TRAINING FARMERS ON AGRO-ECOLOGY

As the size of land decrease small scale farmers continue to apply excessive fertilizers and chemicals to increase food production. This has also been evident also in modern farming where fertigation has been developed to supply fertilizers, soil amendments and other water soluble produce to the crops through irrigation. Foliar spraying has been growing to increase the size of the produce or give it desired colour based on the consumer preferences.

However this approach requires more and more application of the inorganic inputs to increase production each time. This makes the cost of production very high which impoverish small holder farmers as the agro-companies to the bank smiling. In addition the relationship results other effects which are shouldered by the same farmer.

The farmer destroy his soil with macro/micro nutrients imbalances, development of acidity/alkalinity, killing of useful organisms, increased cost of production which minimizes his/her profits, health hazards; through inhaling/coming into contact with the chemicals, consumption of food with  bioaccumulation or drinking contaminated water.

In view of this, Seed Savers Network has embarked on training farmers the interrelationship between the environment and agricultural sustainability. We try to bridge the existing gap in raising their awareness on the implications of increased use of inorganic fertilizers and chemicals on future agriculture and generations. We have been reaching farmers through farmers’ field school, field days, farm and the media (Mulembe FM, Radio Amani and Inooro TV) to sensitize them.

We have training on farm made solutions to control pests and increase the fertility of their soils. Bio-intensive farming has also been integrated to increase production and diversity in a small portion of land. We continue to enhance use of liquid organic fertilizer that enables small scale farmers to apply it as foliar and ensure production of vegetables vertical bags and hanging gardens which also conserve water. These technologies are ideal for farmers with small pieces of land and especially for urban and peri-urban farming. Different crops can easily be intercropped in these gardens.

We encourage planting of Tithonia and comfrey at their farms for source of raw materials which we distribute to the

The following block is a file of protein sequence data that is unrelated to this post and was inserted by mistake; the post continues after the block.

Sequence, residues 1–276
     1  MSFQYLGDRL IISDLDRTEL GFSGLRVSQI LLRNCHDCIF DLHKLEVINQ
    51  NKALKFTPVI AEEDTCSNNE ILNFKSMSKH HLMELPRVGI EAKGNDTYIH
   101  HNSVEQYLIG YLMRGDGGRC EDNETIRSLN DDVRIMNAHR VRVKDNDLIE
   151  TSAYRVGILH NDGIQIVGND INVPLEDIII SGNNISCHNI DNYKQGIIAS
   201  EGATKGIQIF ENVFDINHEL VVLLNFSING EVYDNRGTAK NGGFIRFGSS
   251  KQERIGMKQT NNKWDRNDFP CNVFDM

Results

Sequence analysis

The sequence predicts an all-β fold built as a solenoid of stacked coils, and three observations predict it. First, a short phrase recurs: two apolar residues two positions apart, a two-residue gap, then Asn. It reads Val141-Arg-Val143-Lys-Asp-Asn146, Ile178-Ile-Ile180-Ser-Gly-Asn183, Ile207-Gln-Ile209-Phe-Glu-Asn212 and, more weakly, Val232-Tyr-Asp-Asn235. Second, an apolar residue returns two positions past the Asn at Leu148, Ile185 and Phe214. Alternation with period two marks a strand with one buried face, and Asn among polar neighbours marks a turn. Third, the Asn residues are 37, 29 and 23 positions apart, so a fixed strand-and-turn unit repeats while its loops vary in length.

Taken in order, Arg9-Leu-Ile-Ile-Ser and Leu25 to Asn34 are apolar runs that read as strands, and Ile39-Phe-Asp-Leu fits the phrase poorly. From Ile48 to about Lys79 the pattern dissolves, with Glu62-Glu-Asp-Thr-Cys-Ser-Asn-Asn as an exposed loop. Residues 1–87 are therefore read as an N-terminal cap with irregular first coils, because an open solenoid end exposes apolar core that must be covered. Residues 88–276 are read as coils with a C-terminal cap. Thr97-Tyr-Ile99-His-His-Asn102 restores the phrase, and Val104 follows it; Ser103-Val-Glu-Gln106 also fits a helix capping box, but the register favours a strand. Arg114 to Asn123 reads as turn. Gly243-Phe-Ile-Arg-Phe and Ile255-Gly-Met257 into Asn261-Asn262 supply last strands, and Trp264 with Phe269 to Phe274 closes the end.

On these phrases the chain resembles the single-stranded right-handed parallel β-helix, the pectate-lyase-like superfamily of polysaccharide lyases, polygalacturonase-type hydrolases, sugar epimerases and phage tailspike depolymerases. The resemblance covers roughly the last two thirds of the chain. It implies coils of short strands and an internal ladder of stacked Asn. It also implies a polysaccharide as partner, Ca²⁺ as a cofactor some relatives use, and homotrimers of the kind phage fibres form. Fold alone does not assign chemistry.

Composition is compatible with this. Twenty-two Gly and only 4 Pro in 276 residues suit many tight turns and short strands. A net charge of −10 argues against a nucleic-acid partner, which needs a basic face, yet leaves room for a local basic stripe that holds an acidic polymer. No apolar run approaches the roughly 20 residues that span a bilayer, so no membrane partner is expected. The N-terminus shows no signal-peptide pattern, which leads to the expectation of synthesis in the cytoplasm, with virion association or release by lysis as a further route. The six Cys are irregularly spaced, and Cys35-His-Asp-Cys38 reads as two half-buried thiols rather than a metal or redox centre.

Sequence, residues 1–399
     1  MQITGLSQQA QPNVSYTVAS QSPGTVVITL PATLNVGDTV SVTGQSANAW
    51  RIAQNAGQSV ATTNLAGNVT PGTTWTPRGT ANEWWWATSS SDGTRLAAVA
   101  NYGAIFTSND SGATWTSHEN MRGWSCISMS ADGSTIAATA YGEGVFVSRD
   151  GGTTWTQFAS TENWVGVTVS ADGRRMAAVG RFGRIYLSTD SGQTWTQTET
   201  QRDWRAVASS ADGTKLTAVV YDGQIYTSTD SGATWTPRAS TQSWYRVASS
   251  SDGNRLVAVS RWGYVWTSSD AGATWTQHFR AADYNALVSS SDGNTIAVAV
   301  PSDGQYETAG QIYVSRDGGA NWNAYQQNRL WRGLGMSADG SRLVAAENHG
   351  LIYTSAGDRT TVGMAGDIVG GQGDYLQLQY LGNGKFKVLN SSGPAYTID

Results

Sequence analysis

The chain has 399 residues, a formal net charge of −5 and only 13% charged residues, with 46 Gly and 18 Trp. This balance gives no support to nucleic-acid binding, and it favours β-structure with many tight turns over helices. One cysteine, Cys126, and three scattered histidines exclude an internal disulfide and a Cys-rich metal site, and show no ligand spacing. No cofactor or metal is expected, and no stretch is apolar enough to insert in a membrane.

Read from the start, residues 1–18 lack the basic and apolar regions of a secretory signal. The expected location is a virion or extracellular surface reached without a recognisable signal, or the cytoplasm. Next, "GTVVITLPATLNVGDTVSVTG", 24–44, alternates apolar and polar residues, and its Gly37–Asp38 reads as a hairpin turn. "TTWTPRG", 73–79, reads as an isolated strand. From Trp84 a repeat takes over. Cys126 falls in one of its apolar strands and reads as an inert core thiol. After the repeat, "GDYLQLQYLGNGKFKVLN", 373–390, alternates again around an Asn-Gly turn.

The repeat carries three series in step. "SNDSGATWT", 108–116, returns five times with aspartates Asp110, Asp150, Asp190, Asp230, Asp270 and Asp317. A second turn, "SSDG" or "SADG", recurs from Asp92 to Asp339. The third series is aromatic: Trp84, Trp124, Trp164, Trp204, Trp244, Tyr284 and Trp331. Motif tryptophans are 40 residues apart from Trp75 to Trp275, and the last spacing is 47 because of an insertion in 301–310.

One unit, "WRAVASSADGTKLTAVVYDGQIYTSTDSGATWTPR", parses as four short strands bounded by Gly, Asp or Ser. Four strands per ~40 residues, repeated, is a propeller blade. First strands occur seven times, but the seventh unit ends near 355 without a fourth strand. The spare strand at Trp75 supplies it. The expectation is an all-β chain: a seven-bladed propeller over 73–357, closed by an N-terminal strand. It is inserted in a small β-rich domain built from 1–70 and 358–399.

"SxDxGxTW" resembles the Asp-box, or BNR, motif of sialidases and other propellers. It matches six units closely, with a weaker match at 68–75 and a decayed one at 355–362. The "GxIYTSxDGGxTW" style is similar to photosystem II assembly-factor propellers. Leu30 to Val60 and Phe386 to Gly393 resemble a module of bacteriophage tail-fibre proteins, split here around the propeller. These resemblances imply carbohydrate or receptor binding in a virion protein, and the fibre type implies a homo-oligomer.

Extension officer showing farmers Tithonia

m during training. These crops also have additional benefits to farmers as source of fodder to livestock and fence for Tithonia and as a local vegetable for Comfrey. Farmers rearing rabbits are also encouraged to use rabbit urine in making the liquid manure.

The aim of making liquid manure is to quickly provide a crop with adequate natural plant food during the growing season. Liquid manure is ready for use after two or three weeks compared to six weeks or more for compost. The liquid manure which is made from bio-slurry or animal manures supplies nutrients fast.

When using farm yard manure, farmers are advised to mix them and put in a sack or a gunny bag. This ensures the liquid manure comprises high level of nutrients. The bag is then suspended in a bucket with clean water which is readily available at their homes. They are then guided on how to cover it using suitable material available. The farmers then wait for three weeks where they dilute it at a ratio of 1:2 (liquid manure to water) for application as a foliar or through drips to their crops.

The same concept applies for farmers with rabbits where they harvest it and ferment it for 21 days. It is well covered and farmers can dilute it at the same ratio for use. When using plants we advise them to use green and young ones. Flowering and fruiting plants has less nutrients required. Tithonia and Comfrey are the crop we use in our work as they contain high level of macro-nutrients (Nitrogen, potassium and Phosphorous).Materials are chopped and put in a bucket with water. They are covered and stirred after four days. The process continues up to 14-21 where it is diluted and applied to their crops.

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